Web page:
Millennials face a demonstrable insurance gap of R15 trillion

28 June 2018 Gareth Friedlander, Discovery
Gareth Friedlander, Head of Research and Development at Discovery Life.

Gareth Friedlander, Head of Research and Development at Discovery Life.

South Africa’s young adults could bridge the growing life and disability insurance gap by diverting a fraction of their monthly lifestyle expenditure to financial services products. According to Gareth Friedlander, Head of Research and Development at Discovery Life, it would take as little as 4,6% of the average millennial’s salary to revolutionise the insurance coverage achieved by the country’s 19 to 30-year olds.

The low uptake of insurance among millennials are rooted in behaviours typical of this population segment and include frequent changes in employment; mistrust of the financial services industry and misperceptions about the cost of insurance products – 53% of millennials indicate that they cannot afford insurance. “This is a mobile generation that changes cities and jobs at the drop of a hat,” said Friedlander. “By age 35 a quarter of millennials will have worked five or more jobs – making it extremely difficult to plan and save for the future.”

Friedlander was presenting the findings of a comprehensive study into insurance among young adults, titled MAROUNs, or ‘millennials at risk of underinsurance’. The MAROUNs study recalculated the insurance gap to reflect the economic realities and behavioural trends relevant to this important social demographic. This generation represents the future of the South African economy in terms of its potential participation in the workforce by 2025.

“By our calculation, the largest insurance gap is currently presented by millennials between the age of 18 and 30 and we expect this situation to worsen unless we can influence outcomes in some way,” said Friedlander. He observed that the gap was calculated based on the insurance an individual in this age group needed to be optimally protected against a death or disability event, versus the actual insurance cover held.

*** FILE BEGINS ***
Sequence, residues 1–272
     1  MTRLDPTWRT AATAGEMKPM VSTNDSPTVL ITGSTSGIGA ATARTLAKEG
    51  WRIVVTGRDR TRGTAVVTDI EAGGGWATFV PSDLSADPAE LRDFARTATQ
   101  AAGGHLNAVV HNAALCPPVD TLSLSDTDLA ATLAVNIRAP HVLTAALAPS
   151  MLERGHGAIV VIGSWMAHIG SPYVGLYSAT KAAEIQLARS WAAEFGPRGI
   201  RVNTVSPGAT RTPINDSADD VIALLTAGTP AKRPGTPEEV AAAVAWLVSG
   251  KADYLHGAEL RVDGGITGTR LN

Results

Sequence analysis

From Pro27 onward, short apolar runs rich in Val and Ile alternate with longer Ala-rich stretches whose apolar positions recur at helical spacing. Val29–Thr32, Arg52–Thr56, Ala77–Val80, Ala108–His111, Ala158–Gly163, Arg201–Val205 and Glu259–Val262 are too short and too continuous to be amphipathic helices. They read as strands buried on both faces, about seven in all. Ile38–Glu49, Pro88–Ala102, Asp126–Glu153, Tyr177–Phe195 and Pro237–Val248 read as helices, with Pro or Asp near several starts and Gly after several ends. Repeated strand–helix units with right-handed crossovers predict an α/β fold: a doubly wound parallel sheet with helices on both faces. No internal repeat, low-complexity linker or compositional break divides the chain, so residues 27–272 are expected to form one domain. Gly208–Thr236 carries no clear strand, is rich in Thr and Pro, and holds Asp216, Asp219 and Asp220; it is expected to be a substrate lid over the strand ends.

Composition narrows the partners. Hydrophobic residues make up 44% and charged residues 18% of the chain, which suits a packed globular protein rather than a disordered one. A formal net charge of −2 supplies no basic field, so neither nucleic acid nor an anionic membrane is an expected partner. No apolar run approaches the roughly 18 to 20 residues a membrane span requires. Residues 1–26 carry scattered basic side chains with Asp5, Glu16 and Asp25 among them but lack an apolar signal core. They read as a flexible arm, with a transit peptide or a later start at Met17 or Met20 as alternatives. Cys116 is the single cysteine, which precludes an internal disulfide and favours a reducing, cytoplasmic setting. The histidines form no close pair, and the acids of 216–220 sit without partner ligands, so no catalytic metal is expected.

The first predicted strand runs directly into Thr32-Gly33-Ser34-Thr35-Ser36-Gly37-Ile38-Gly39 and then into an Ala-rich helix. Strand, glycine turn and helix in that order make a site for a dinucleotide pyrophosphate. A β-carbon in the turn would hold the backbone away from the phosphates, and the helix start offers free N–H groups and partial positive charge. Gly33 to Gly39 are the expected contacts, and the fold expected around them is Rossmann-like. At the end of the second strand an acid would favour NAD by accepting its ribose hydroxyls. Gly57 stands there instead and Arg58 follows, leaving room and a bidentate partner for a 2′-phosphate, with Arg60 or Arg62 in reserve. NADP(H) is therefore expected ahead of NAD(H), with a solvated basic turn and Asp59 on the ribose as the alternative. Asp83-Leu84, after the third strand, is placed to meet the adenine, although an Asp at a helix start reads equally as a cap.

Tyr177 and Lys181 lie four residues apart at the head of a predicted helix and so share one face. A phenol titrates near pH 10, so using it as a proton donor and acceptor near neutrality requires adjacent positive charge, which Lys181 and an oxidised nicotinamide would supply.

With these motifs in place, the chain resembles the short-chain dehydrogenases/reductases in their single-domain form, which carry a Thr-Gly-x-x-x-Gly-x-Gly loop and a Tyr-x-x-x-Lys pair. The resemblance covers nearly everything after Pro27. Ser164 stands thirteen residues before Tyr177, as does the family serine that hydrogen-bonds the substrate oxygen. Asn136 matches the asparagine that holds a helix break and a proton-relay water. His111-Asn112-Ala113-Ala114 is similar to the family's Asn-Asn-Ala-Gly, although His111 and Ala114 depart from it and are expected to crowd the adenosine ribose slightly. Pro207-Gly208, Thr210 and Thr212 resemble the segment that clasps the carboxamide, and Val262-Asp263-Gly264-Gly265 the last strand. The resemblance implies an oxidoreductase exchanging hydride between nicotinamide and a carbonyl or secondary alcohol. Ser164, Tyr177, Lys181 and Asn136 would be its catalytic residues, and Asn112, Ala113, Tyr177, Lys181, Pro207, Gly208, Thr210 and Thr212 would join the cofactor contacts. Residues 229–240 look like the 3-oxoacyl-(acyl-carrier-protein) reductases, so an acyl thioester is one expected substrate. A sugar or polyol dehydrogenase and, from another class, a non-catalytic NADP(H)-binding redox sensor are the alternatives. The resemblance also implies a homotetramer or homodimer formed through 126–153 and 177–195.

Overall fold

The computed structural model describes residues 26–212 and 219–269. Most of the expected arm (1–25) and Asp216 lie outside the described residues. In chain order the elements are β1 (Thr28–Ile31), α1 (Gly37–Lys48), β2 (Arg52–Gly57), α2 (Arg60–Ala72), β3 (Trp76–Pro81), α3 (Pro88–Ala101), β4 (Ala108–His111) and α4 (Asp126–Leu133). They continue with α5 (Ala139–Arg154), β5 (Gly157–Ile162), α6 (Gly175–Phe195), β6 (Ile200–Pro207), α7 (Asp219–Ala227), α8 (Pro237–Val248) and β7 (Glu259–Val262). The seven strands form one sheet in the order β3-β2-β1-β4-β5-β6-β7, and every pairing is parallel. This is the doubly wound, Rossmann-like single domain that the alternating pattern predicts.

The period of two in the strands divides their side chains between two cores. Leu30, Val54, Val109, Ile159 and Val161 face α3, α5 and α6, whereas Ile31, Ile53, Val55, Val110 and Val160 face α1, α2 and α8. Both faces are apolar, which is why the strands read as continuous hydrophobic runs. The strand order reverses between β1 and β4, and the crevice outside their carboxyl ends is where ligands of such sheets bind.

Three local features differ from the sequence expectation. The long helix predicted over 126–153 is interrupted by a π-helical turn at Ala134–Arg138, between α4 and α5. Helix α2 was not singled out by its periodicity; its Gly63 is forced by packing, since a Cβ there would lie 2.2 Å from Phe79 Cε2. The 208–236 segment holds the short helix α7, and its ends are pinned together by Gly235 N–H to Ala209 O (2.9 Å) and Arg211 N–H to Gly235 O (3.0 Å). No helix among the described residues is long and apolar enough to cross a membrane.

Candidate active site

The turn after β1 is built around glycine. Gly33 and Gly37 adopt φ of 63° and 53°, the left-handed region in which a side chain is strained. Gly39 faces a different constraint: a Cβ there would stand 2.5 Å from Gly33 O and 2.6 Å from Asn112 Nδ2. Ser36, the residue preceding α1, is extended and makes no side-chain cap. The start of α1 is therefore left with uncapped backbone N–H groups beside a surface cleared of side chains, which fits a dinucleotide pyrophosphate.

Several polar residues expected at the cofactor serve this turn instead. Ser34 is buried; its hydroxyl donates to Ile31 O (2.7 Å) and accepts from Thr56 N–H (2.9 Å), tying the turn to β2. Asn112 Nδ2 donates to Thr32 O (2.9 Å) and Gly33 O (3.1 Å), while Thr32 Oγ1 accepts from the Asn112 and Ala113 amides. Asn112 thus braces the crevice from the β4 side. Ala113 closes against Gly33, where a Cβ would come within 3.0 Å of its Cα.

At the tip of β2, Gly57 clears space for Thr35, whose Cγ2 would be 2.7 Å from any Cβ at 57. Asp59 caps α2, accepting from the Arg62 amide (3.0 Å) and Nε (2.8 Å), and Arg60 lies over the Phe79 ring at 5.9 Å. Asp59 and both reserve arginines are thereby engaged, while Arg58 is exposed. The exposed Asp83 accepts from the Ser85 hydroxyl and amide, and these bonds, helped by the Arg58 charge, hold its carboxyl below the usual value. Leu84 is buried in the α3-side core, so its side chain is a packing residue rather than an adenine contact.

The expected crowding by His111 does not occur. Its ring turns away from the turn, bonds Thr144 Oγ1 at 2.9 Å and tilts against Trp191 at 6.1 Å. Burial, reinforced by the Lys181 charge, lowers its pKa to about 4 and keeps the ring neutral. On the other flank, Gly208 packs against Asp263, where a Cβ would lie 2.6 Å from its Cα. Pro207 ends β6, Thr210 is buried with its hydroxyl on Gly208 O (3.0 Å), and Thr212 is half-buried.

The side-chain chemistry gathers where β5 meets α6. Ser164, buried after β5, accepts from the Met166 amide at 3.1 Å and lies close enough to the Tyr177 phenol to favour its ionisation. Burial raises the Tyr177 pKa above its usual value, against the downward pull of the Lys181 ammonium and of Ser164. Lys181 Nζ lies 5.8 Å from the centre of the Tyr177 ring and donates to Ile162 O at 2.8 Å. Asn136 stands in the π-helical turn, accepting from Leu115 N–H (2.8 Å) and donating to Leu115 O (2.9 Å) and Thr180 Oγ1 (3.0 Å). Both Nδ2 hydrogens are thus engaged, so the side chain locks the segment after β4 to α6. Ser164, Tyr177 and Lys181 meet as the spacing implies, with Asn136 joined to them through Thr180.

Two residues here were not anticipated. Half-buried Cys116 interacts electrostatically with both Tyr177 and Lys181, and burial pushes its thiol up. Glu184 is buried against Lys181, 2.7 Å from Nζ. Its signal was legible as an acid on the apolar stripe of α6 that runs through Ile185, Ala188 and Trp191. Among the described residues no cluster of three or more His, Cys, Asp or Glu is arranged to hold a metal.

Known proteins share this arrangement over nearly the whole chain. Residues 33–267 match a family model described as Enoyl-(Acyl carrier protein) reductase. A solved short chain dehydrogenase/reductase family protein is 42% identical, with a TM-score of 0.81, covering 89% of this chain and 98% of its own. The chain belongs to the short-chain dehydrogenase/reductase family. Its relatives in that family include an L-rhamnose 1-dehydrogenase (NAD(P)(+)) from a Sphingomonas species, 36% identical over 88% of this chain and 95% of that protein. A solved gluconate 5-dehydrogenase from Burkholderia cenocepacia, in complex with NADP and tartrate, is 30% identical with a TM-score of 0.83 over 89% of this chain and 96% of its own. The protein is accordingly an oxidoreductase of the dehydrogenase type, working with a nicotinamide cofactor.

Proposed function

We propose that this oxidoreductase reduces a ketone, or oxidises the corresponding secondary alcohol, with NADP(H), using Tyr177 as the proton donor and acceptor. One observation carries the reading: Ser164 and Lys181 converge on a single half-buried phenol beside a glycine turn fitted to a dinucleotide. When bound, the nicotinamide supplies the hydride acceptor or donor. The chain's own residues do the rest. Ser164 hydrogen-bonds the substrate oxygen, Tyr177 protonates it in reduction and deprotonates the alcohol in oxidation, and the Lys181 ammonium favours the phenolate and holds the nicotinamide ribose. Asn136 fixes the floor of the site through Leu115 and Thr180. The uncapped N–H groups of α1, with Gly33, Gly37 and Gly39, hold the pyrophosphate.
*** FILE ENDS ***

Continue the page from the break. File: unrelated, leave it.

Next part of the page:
The key outcomes from the study confirm a gap exists that is likely to widen unless stakeholders in the financial services sector find a way to influence millennials’ behaviour. ASISA calculated the insurance gap on death and disability for the 19 to 30 age group at R9 trillion; but Discovery believes it is significantly larger. “We identified various factors that suggest SA’s young adults should be seeking additional life and disability cover as compared to the overall population,” said Friedlander. “Principal among these is the fact that a young person will need more income protection should they suffer a life changing event, especially given that this population segement is expected to live longer. In fact, we found that the present value of future income for millennials is twice as high compared to indviduals between the age of 50 and 54, at approximately R18 million for the averga 25 year old graduate.”

The savings culture among SA’s millennials to date has been disappointing. They have followed the example set by previous generations and worse, with only 35% of this sector saving for the longer term. And a staggering 46% of millennials have no savings at all – they have nothing to serve as a buffer should a financial ‘shock’ occur. Poor levels of saving are made worse by high levels of indebtedness with almost two in three millennials having some form of personal loan outstanding.

Another challenge is the tendency to defer insurance buying decisions until spouses and children enter the picture. Statistics confirm that the median age for marriage has moved up from 31 to 36 years of age; while the age for first-time mothers has tipped into the 30s. “There are a lot of financial needs that are crucial even before you have a partner or children,” said Friedlander. He urged millennials to get over their ‘present’ bias and to think of longer-term investment needs rather than immediate gratification.

Discovery recalculated the insurance gap by taking account of a number of factors. These are; the increasing life expectancies seen in this population segment (now sitting at approximately 80 years for the average Discovery member), the larger share of household income lost on a disability event given that people are getting married later, and the higher salary growth rates experienced by millenials early in their careers as a result of promotions (or moving jobs). These factors result in the shortfalls to balloon from R4.1 to R5.6 trillion in the death insurance market and from R4.9 to R9.4 trillion in the disability space.

The challenge to the financial service sector is to design affordable, customisable and innovative products that ‘match’ millennials needs and wants. Discovery’s Smart Life Plan, launched in March 2018, is a step in this direction. It addresses the issues laid bare by the MAROUNs study and enables financial advisers to provide customised life and disability benefits, tailored to the unique risks that millennials are exposed to.

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